How Quitting Prayer Made Me a Believer
Westernized prayer made me feel like God was ignoring me. I turned to meditation instead.
I’ve always struggled with the idea of an interventionist God. The idea of treating an omnipotent power like a vending machine: If you put in faith, good works, and requests, you’ll get the world to go your way.
This assumes God operates within a meritocracy. It assumes that the better you are, the better you’ll be treated by the almighty. It assumes you can get everything you want if you just pray hard enough, if you’re holy enough, if you never stray. But when “ask and you shall receive” ends up being your proof of faith, how are we meant to react when God says “no”?
About 17 years ago, I was attending church three times a week. My mother had been diagnosed with cancer and then gone into remission, only to find out that her husband, my stepdad, had been cheating on her while she was in chemo. After an ugly divorce, her cancer returned, but this time it didn’t look like she was going to win.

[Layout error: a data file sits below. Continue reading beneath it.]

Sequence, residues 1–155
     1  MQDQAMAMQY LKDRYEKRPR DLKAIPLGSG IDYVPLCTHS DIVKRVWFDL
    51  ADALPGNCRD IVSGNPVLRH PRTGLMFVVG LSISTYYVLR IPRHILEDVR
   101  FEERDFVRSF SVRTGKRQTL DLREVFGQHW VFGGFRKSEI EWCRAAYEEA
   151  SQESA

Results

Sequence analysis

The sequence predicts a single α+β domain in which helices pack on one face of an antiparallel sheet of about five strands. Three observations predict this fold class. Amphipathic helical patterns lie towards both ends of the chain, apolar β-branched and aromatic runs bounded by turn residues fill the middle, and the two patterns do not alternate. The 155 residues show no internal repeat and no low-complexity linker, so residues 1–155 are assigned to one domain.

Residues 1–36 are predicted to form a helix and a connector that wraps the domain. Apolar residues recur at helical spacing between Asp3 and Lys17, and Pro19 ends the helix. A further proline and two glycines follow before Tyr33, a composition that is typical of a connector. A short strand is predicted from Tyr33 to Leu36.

Church became our solace. The community we built there helped us through her divorce and her illness. They prayed our way through each crises, and I prayed with them.
But each time, God seemed to tell us “no.”
After my mom died, I kept praying. It was inertia. But it gradually began to feel hollow. I didn’t throw a tantrum and tell God, “I’m never speaking to you again.” Instead, it was a slow decline in trust. It was as if I were a child, and my parent had stopped showing up for me.
For someone who’d been so embedded in prayer, and the culture of faith, my decision to stop praying wasn’t easy. When life is hard, hopeless, and confusing, prayer is often the only thing that empowers us. It’s how we fight helplessness.
But when we stop praying, helplessness is all that’s left. For most of us, that’s very uncomfortable. And even after I’d decided to quit, I kept fighting the urge to pray. I’d think: How much easier would it be to say a quick prayer on the off chance it might work?
I’d been leaning on the “We’ll pray for you” method of doing nothing.